[ Best ] The Magician’s Nephew Author C.S. Lewis – Sisnlaw.co.uk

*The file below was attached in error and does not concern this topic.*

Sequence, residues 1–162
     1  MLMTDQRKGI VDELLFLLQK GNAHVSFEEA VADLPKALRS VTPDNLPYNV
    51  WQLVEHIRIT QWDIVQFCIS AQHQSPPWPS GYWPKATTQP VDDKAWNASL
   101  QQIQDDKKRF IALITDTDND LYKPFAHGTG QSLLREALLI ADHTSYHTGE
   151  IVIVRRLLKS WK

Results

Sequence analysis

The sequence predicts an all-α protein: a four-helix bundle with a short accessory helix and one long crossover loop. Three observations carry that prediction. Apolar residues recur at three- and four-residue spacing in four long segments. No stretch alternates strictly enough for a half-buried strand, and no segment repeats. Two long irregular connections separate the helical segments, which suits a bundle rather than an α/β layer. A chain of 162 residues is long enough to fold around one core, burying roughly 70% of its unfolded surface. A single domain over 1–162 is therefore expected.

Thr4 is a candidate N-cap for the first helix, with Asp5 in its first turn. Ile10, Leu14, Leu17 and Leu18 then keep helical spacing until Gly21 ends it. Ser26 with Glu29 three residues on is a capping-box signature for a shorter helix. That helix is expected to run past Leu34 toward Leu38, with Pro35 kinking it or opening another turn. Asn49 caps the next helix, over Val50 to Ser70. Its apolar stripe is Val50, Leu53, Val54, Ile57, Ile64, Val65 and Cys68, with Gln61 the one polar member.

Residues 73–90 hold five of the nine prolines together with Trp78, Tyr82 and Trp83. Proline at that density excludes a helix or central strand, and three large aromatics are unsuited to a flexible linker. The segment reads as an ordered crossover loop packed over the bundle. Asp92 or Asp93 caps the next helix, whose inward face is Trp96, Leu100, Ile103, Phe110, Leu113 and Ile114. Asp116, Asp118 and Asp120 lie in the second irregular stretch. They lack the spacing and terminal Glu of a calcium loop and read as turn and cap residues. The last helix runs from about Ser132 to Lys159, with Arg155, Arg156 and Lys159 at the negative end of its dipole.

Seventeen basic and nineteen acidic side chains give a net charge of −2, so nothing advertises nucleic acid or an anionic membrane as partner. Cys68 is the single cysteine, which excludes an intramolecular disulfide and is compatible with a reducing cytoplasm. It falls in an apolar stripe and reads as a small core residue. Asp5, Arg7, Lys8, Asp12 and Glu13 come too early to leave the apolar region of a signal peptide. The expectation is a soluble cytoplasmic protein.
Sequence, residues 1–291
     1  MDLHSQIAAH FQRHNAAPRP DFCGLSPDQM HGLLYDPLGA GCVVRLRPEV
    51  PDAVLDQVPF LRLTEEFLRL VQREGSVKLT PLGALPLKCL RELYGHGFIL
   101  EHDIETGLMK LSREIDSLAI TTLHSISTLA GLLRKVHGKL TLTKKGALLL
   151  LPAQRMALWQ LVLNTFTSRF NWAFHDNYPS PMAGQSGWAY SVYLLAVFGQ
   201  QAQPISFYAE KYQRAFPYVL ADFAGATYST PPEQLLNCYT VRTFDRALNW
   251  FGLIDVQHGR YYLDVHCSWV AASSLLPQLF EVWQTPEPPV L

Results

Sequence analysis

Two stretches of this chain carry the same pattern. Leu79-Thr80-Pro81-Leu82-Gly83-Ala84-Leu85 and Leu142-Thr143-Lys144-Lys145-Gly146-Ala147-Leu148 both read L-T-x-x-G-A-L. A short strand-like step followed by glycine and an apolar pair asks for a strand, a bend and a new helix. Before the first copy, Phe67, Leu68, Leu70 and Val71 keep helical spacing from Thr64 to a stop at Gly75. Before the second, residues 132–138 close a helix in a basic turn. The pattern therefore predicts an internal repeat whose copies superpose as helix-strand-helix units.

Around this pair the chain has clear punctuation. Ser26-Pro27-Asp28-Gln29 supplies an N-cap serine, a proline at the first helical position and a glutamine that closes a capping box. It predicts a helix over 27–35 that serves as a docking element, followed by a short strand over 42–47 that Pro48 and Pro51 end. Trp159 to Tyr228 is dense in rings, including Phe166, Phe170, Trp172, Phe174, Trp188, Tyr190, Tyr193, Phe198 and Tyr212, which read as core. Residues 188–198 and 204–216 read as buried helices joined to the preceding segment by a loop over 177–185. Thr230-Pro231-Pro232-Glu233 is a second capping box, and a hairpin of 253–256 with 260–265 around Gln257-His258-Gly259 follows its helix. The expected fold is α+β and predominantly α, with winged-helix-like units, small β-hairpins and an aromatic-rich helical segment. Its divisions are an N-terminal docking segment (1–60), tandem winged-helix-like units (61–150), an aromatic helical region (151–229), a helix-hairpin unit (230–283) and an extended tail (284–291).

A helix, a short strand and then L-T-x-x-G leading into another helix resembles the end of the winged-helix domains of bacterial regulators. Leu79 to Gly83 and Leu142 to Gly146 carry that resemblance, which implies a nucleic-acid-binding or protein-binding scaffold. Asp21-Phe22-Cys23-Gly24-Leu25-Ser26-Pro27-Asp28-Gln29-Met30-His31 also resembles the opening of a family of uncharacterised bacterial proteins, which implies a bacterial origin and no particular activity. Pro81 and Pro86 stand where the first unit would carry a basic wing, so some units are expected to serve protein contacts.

The Magician’s Nephew The secret passage to the house next door leads to a fascinating adventure Narnia where the woods are thick and cool, where Talking Beasts are called to life a new world where the adventure beginsDigory and Polly meet and make friends one cold, wet summer in London Their lives burst into adventure when Digory's Uncle Andrew, who thinks he is a magician, sends them hurtling to somewhere else They find their way to Narnia, newborn from the Lion's song, and encounter the evil sorceress Jadis, before they finally return home My autisticspectrum son Jonathan is fascinated by the White Witch in The Lion, the Witch and the Wardrobe He wants to know what her motivation is Why is she always so angry? he asks Why does she hate Aslan? Who is she like? These are good questions I have suggested that he should read The Magician's Nephew, but Jonathan only reads the books he wants to read and ignores recommendations A pity, I would like to discuss it with him.The White Witch is the best character in the series, and it is indeed difficult to think of anyone who strongly resembles her She is a little like Auntie Medusa in The Rescuers, another of Jonathan's favorite films, and she's also a little like the Sea Witch in The Little Mermaid, Madame Mim in The Sword in the Stone, and, of course, the Wicked Witch of the West But there are some important differences The other witches are ugly, and it's plausible to believe that they are motivated by envy of the heroines' effortless youth and beauty This is perhaps most evident with Auntie Medusa; I love the scene where she's removing her false eyelashes and Penny involuntarily recoils in horror The White Witch, however, is genuinely beautiful, not just using magic to cast an illusion of beauty as Madame Mim and the Sea Witch do on occasion She doesn't order Maugrim to kill Susan and Lucy because they're betterlooking It is, rather, a political decision: she is concerned that they will take her throne Nothing personal, just business.In general, it seems to me, the White Witch is motivated entirely by love of power, and she hates Aslan because he is stronger than she is She is in fact a rather good children's book adaptation of Milton's Satan But why did C.S Lewis decide to make her a woman? I'd love to know the background to that artistic decision. The Magician's Nephew (Chronicles of Narnia, #6), C.S LewisThe Magician's Nephew is a high fantasy novel for children by C S Lewis, published by Bodley Head in 1955 It is the sixth published of seven novels in The Chronicles of Narnia (1950–1956) The story begins in London during the summer of 1900 Two children, Digory and Polly, meet while playing in the adjacent gardens of a row of terraced houses They decide to explore the attic connecting the houses, but take the wrong door and surprise Digory's Uncle Andrew in his study Uncle Andrew tricks Polly into touching a yellow magic ring, causing her to vanish Then he explains to Digory that he has been dabbling in magic, and that the rings allow travel between one world and another He blackmails Digory into taking another yellow ring to follow wherever Polly has gone, and two green rings so that they both can return Digory finds himself transported to a sleepy woodland with an almost narcotic effect; he finds Polly nearby The woodland is filled with pools Digory and Polly surmise that the wood is not really a proper world at all but a Wood between the Worlds, similar to the attic that links their rowhouses back in England, and that each pool leads to a separate universe They decide to explore a different world before returning to England, and jump into one of the nearby pools They then find themselves in a desolate abandoned city of the ancient world of Charn Inside the ruined palace, they discover statues of Charn's former kings and queens, which degenerate from the fair and wise to the unhappy and cruel They find a bell with a hammer, an inscription inviting the finder to strike the bell Despite protests from Polly, Digory rings the bell This awakens the last of the statues, a witch queen named Jadis, who, to avoid defeat in battle, had deliberately killed every living thing in Charn by speaking the Deplorable Word As the only survivor left in her world, she placed herself in an enchanted sleep that would only be broken by someone ringing the bell تاریخ نخستین خوانش: ماه ژانویه سال 2002 میلایعنوان: ماجراهای نارنیا 6: خواهرزاده جادوگر؛ نویسنده: کلاویو استیپلز لوئیس 1898 1963 ؛ مترجم: امید اقتداری 1330؛ منوچهر کریم زاده 1328؛ کتابهای کیمیا، تهران خیابان ولی عصر، بالاتر از میدان ونک، شماره 133؛ چاپ نخست 1379، هفت جلد در 1368 ص؛ جلد ششم در شش و 172 ص؛ شابک: دوره هفت جلدی 9647100116؛ چاپ سوم 1386؛ شابک: 9647100108؛ موضوع: داستانهای کودکان برای کودکان از نویسندگان انگلیسی سده 20 ممترجم: پیمان اسماعیلیان؛ تهران، قدیانی، بنفشه؛ 1387، در 256 ص؛ چاپ دوم 1388؛ مترجم: آرش حجازی؛ تهران، کاروان؛ 1376، در 199 ص؛ شابک: 96491607؛ کتاب اول: شیر، کمد، جادوگر؛ کتاب دوم: شاهزاده کاسپین؛ کتاب سوم: کشتی سپیده پیما؛ کتاب چهارم: صندلی نقره ای؛ کتاب پنجم: اس‍ب‌ و آدم‍ش‌؛ کتاب‌ ششم: خواهرزاده جادوگر؛ کتاب هفتم: آخرین نبرد؛ این جلد (ششم) از نظر زمان چاپ، ششمین کتاب است، اما از نظر زمان رخدادها و وقایع، به پیش از زمان کتاب: شیر، کمد و جادوگر، برمیگردد؛ و در مورد نحوه ی آفرینش جهان نارنیا ست در این داستان «پالی» به همراه «دیگوری» خواهر زاده ی «دایی اندرو»، وارد دنیایی جنگلی میشوند، که همانند یک تونل، آنها را به دنیاهای دیگر میرساند در دنیای نخست، یک جادوگر همراه با آنها، به دنیای خودشان راه مییابد در سفر دوم، مرد درشکه چی و اسبش، دایی اندرو، دیگوری و پالی، اشتباهاً وارد نارنیا، که هنوز کاملاً بوجود نیامده، میشوند، و شاهد ایجاد نارنیا هستند درشکه چی، و همسرش نخستین شاه و ملکه ی نارنیا هستند، و نامهای آنها در نارنیا: «فرانک» و «هنی» ست برگزیده از متن کتاب: نارنیا، نارنیا، نارنیا، بیدار شو، عشق بورز اندیشه کن سخن بگو درختهای روان باش جانوران سخنگو باش آبهای ملکوتی باش ص 107 از کتاب ا شربیانی “No great wisdom can be reached without sacrifice.” I loved the narration of The Magician's Nephew, it's clear, imaginative, and addicting This book took me book to the time when I was sitting and listening to my grandma's tales She always told me about folklores I can still remember the story about there's a ghost hiding in the closet, it made me so scared and never ever wanted to open the closet alone again.This book literally made me feel like that I kept wondering why I did and figured out because of its voice that was very classic and magical that I didn't want it to be over Besides the fun I get from this book, The Magician's Nephew is alike a doctrine as if I was reading the Bible “What you see and what you hear depends a great deal on where you are standing It also depends on what sort of person you are.” Lewis had his way to tell the story He thoroughly showed me about this world where the origin of Narnia comes from Not only I got to know about the wardrobe, but I was introduced to the characer that would be a big part in the next book The Magician's Nephew should be read before The Lion, the Witch, and the Wardrobe for you to get full knowledge about this world.https://goo.gl/qk8zDx “Awake Love Think Speak Be walking trees Be talking beasts Be divine waters.” If I could have doubts about my idea that reading this series in publication order was the way to go, this volume (number six in publication order, number one in chronological order) would have made the decision final In this little book, C S Lewis talks about the origins of Narnia, how it was made and how it happened that humans got to visit it It felt so sweet and rewarding to read the whole series wondering about this mystery, getting to know and love all the characters, and then reading this one and finally had the mystery unveiled Anyone who would read this series in chronological order would spoil the best part of it! In fact this is by far my absolute favourite book in the series This book made me laugh, smile, and moved me to tears Aslan in this one is just amazing, his words by the pen of C S Lewis are pure poetry; and the characters are muchlikable than our four siblings I really cannot find any flaw in this volume If I was ever to unhaul this series (which I don't think will ever happen), and I was to keep only one book, it would be this one I don't think these books are the best I ever read in fact it is not a secret that some Narnia books were not exactly of my liking but this one in particular will definitely be one of my favourite books of 2020 Beautiful! This is one of those books that make you feel good on a bad day It just puts a smile on your face, whether you read it for the first time as an adult or you relive some of the moments of you childhood through it And no, I am not that old, even if here I sound like I am ancient hahaha :) I have owned this beautiful set of illustrated hardback editions of these books since childhood and am only now getting around to reading them After reading this spellbinding first installment I am so mad at myself that I have missed out on entering this world for so long.I decided to begin reading this series in chronological rather than publication order (as per the numbers on my books) and I am so glad I did This brilliantly sets up the rest of the series without giving any spoilers of what is to come The particulars of the plot for The Lion, the Witch, and the Wardrobe are well known to me, as I have seen the movie adaptation numerous times, and it made reading this so special and exciting as facets from the second book were incorporated into the first.Regardless of the order, this is one series I believe has universal appeal, regardless of age, and is one that everyone must read at some point in their lifetime! Oh gosh, how many years must it be since I last read this book, 30 ? or , who knows, but I zipped through it like we were the closest of friends who met every day A true joy to read, that is how writing should be Probably one of the lesser known Narnia books but the start of the series none the less and our first introduction to Aslan, and a delight to read 5 stars all the way I had no intention of starting this series this year or even anytime soon, but I saw the boxed set on the shelf and thought why not What a great decision that was If you’ve never read a Narnia book, you have to try it, if you have read them, never forget them and reread as soon as you can, you will not regret it. It's mildly embarrassing that I've lived almost 32 years and I've only read one book from the Narnia series Well, I guess I've read two now, but I feel like I should have read those a long time ago As an adult, it's difficult to even rate this book fairly because the adult version of myself wants to be all critical and make comments about how this isn't Lord of the Rings or Harry Potter, but it's not supposed to be And that's fine with me Is this the first book in the series! Is it the sixth? Does it even matter? I'm reading it first because I conducted a very thorough investigation into the series and determined that my plan to read them this way is the right way to read them However, my very scientific thorough analysis also concluded that this book can be read later and no one really cares and it doesn't really matter in the grand scheme of things Just read the series is all I'm saying, although I haven't even read the series myself so that may be moderately premature on my part It was neat to read about the origins of Narnia Whoa did I just say neat? That was an accident Lemme get back to words I actually use in real life It was awesome to read about the origins of Narnia The lamp post and the witch and whatnot Aslan That was just autocorrected to Asian so that was funny I don't have any reason to believe he is an Asian lion, but I again haven't read the entire series yet so that could be explored in future novels where Aslan spends his childhood as a small lion cub in Beijing before creating Narnia later in life I don't think that's accurate though Lewis really writes an engaging fantasy tale that is surprising full of beautiful descriptions rather than nonstop action I appreciate the world building in the book which I found pretty detailed for a children's book I also like that I don't really know some of the characters well, but feel like the less important ones are gonna be showing up later on down the road I'm excited to continue this trek through Narnia My kids don't give a flip about it so I'm gonna be on my own Maybe when their older they will have a longer attention span and a better appreciation of great books Dad's gonna keep rolling in the meantime. I hadn't been to Narnia in 11 years, and I wanted to take my daughters there for the very first time this summer, so I called my son (my Narnia expert) and asked him if I could skip The Magician's Nephew this time around, when I read it to his sisters My son was an only child for 12 years, (before the Disney princesses, Pocahontas and Jasmine, arrived), and I read to him, every night, religiously, for an hour, including C.S Lewis's Narnia collection He's in college now, and he's a very respectful young man (not to mention a purist and a stickler), so there was a long, silent pause, then, “Well, yes, Mom, I think you need to start with Book One.”Oh, bother.“I barely remember it,” I groaned “Can't we just go straight to The Lion, The Witch and the Wardrobe? It's so muchexciting!” Another patient pause, then, “Mom, I think you should read them in order.” (He's, like, so muchmature than I am).I was still hesitant, even as I started to read it to my daughters, but within just a few pages, I remembered why it's important not to skip it.I could intuitively sense, within the first few chapters, that this book influenced not only J.R.R Tolkien, but Robert Jordan and J.K Rowling, as well I could feel it, I could feel the connection between their writings and this work.And I was reminded of how Polly and Digory (couldn't help but wonder about Rowling's Cedric Diggory here) are allowed to witness the birth of a world, along with Digory's reluctant uncle, the cockney Cabby and his horse, Strawberry This was, for me, the most stunning part of the story, and C.S Lewis does a beautiful job of capturing both the grandeur and awe of Creation here.If you had seen and heard it, as Digory did, you would have felt quite certain that it was the stars themselves which were singing, and that it was the First Voice, the deep one, which had made them appear and made them sing.“Glory be! said the Cabby “I'd ha' been a better man all my life if I'd known there were things like this.”We all would have, sir Well, all of us except Jadis the evil Queen who reminds us how imposing, egomaniacal and terrifying she really is (I startled my daughters, twice, while imitating her speech) And Aslan Does Aslan ever get old?I'll call my son and confirm that he was correct Yes, you've got to read this one first.